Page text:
SIMPLE: SCANT PROFIT

What's killing the tea sector?

Many factors, mostly fixable, leading to crisis in tea sector

In Summary
  • Greedy cartels, lack of research in modern farming and poor marketing strategies partly to blame for low returns.
  • KTDA blames increased production of tea globally, economic problems in important markets and high cost of local production. importing markets 
Kimani Karanuuprootstea bushes to plant miraa in Murang'a county.
UPROOTING TEA: Kimani Karanuuprootstea bushes to plant miraa in Murang'a county.
Image: FILE:
Kimani Karanu in his miraa farm which he planted after uprooting tea bushes in Kahuro, Murang'a county.
WORTHLESS TEA? Kimani Karanu in his miraa farm which he planted after uprooting tea bushes in Kahuro, Murang'a county.
Image: FILE:
Nyeri Senator Ephraim Maina.
AILING TEA SECTOR: Nyeri Senator Ephraim Maina.
Image: FILE

Greedy cartels, lack of constant research on modern farming methods and poor marketing strategies partyly to blame for low returns and the crisis in the tea sector.

Nyeri Senator Ephraim Maina, also cites failure by the state to invest heavily in the agriculture sector, lack of government subsidies to farmers, problems in traditional export markets.

Tea from other regions floods the market, Kenyan farmers fail to produce enough purple orthodox tea.

On Thursday, the Kenya Tea Development Authority announced that tea farmers will take home an average Sh41.27 per kilogramme of green leaf for the 2018-29 bonus payment.

KTDA blamed increased production of tea globally, importing markets experiencing political and economic challenges and high cost of production locally.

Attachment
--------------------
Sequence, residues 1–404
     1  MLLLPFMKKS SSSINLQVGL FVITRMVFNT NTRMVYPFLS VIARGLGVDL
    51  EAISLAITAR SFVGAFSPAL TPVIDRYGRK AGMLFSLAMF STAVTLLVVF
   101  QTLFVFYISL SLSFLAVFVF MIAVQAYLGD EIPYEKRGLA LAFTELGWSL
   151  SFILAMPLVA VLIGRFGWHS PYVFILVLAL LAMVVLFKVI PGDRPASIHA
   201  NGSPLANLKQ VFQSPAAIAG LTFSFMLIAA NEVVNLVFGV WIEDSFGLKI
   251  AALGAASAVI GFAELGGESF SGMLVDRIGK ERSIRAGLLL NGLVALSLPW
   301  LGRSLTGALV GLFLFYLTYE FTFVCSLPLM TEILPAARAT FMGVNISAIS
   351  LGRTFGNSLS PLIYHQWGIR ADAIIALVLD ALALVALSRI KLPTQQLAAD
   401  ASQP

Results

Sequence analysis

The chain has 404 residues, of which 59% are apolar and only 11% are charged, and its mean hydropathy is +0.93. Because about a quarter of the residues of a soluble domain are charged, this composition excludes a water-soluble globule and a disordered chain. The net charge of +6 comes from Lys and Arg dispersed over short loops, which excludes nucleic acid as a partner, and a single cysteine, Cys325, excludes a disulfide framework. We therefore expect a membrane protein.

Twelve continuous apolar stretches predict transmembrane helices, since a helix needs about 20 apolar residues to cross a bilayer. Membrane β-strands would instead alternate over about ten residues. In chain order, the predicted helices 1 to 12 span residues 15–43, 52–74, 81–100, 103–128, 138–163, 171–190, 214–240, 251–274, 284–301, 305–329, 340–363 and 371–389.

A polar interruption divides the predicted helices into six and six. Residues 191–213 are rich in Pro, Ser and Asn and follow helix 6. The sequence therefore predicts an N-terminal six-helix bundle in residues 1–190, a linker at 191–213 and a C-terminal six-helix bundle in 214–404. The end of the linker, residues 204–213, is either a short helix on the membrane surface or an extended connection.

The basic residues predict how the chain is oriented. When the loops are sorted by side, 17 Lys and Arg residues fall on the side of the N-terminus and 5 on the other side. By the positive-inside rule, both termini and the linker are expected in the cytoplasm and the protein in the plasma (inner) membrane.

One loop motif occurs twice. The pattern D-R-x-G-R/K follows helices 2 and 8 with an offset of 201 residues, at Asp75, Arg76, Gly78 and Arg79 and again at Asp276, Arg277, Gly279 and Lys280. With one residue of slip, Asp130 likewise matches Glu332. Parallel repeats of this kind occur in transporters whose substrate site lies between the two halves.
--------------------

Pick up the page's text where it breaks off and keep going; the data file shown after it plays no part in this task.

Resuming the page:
But the low returns have angered farmers with those from Murang’a and Nyeri demanding restricting of KTDA. The farmers have also threatened to start uprooting the crop. Some already have. 

The tea volcano has erupted with the meager bonus being paid.  It is an insult to the farmers.
Senator Ephraim Maina

Speaking in his Nairobi office on Thursday, Maina,  who has prepared a bill to restructure the sector, called KTDA's claim of overproduction "a joke".

He said if that were true, other tea exporting counties would also be complaining.

Maina called Kena's tea sector “a volcano that was waiting to erupt", saying KTDA is focused on its profits not the welfare of farmers.

The senator criticised the lack of subsidies, lack of lower taxation on agricultural inputs and the high costs of commercial funding of the agriculture sector, in general. Farmers are pushed into poverty, he said.

“The tea volcano has erupted with the meager bonus being paid.  It is an insult to the farmers," he said.

He urged the government to swiftly investigate and apprehend those have mismanaged the tea sector.

“The government should ensure all the cartels are unmasked and dealt with," the senator said.

Maina accused cartels of working behind the scenes to overprice insurance. He also blamed costly and unnecessary transport of tea to auction houses, which should instead be built next to factories.

He also questioned why KTDA was engaging in ventures such as power production which he said was eating into the cash that should have benefited the farmer.

(Edited by V. Graham)